Xing Yi Quan Kung Fu

Xing Yi Quan

Xing Yi Quan (Hsing Yi Ch'uan) is one of the three major internal styles of Chinese martial arts (namely Xing Yi, Baugua And Taiji). Xing refers to form or shape and Yi commonly refers to the mind or intent. Quan [fist] denotes a method of unarmed combat. Xing Yi Quan is commonly referred to as Form and Mind boxing. The name illustrates the strong emphasis placed on the motion of the body being subordinate to conscious control. The form the body takes is an external manifestation of the internal state of mind and is the underlying premise behind Xing Yi Quan as a method of combat.

The style was originally called Xin Yi Liu He Quan [Heart Mind Six Harmonies Boxing]. The Six harmonies refer to the Three Internal Harmonies (the heart or desire harmonizes with the intent; the intent harmonizes with the Qi or vital energy; the Qi harmonizes with the physical strength), and the Three External Harmonies (the shoulders harmonize [coordinate] with the hips; the elbows harmonize with the knees; the hands harmonize with the feet). The practitioner's internal processes harmonize and coordinate the external movement, unifying the person as a whole into the most powerful state possible.

The art of Xing Yi Quan first gain popularity in Henan, Shanxi and Hebei provinces of China, and consists of two main systems: the Animals forms and the Five Elements.

The Five Element based systems have five basic forms: Splitting, Drilling, Crushing, Pounding and Crossing; these Five Elements form the foundation of the Art. The basic energies of the Five Elements are then expanded into Twelve Animal forms focus on repetitive practice of single movements that are later combined into more complicated linked forms.

The Twelve Animal Forms contain a variation in strategy and technique based on the specific animal's intrinsic nature in combat.

The direction of movement in Xing Yi forms is predominately linear. Practitioners walk through the forms coordinating the motions of their entire bodies into one focused now. The hands, feet and torso all arrive together and the nose, lead hand and lead foot are aligned along the same vertical axis (San Jian Xiang Jiao). The arms are held in front of the body and the practitioner lines up his or her centerline with the opponent's centerline.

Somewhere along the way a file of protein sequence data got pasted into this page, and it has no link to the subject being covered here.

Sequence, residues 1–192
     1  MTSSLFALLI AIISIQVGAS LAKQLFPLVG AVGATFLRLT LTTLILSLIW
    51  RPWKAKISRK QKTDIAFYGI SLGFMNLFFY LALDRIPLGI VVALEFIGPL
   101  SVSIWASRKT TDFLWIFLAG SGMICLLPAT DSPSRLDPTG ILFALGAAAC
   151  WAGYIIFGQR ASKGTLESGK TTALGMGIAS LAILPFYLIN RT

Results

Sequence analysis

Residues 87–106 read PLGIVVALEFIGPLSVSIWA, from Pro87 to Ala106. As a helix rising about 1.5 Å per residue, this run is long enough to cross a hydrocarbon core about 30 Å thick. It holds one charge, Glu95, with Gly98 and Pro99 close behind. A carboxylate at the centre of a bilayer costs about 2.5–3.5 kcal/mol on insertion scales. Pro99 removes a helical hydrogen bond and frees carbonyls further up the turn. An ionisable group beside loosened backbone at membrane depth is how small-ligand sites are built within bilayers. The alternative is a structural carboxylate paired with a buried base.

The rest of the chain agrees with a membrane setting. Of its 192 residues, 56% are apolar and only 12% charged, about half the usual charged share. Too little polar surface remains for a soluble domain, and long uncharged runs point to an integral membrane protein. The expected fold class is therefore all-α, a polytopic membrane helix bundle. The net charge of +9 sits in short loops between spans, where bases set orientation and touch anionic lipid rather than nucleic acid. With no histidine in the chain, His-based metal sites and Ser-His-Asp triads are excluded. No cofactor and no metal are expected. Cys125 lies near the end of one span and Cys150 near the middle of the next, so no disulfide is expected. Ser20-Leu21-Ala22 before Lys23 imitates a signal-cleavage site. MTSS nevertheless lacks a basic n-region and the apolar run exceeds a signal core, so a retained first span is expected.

The techniques of Xing Yi Quan are characteristically aggressive in nature and the Xin Yi Quan fighter prefers to move into the opponent with a decisive strike at the earliest opportunity. The style prizes economy of motion and the concept of simultaneous attack and defense. As the name implies, the form or shape of the movements is only a physical manifestation of one's internal state (intent). A fundamental principle underlying all styles of Xing Yi Quan is that the mind controls and leads the movements of the body.

A familiar adage of Xing Yi Quan is that "the hands do not leave the [area of] the heart and the elbows do not leave the ribs." There are few kicks in the style and the techniques are predominately percussive in nature. Great emphasis is 'placed upon the ability to generate power with the whole body and focus it into one pulse which is released in a sudden burst.

Xing Yi Quan was widely practised in the north of China well before Taiji was even known outside the Chen village in Henan Province, and in the last hundred Years many full combat competitions in China was won by Xing Yi practitioners.

As well as an effective combat martial arts, Xing Yi is also an excellent health exercise. It is suitable to people of all level of physiques and ages. Movements are simple and easy to learn and practitioners can practise the arts at they own level of capabilities. It is excellent for building physical as well as mental strength.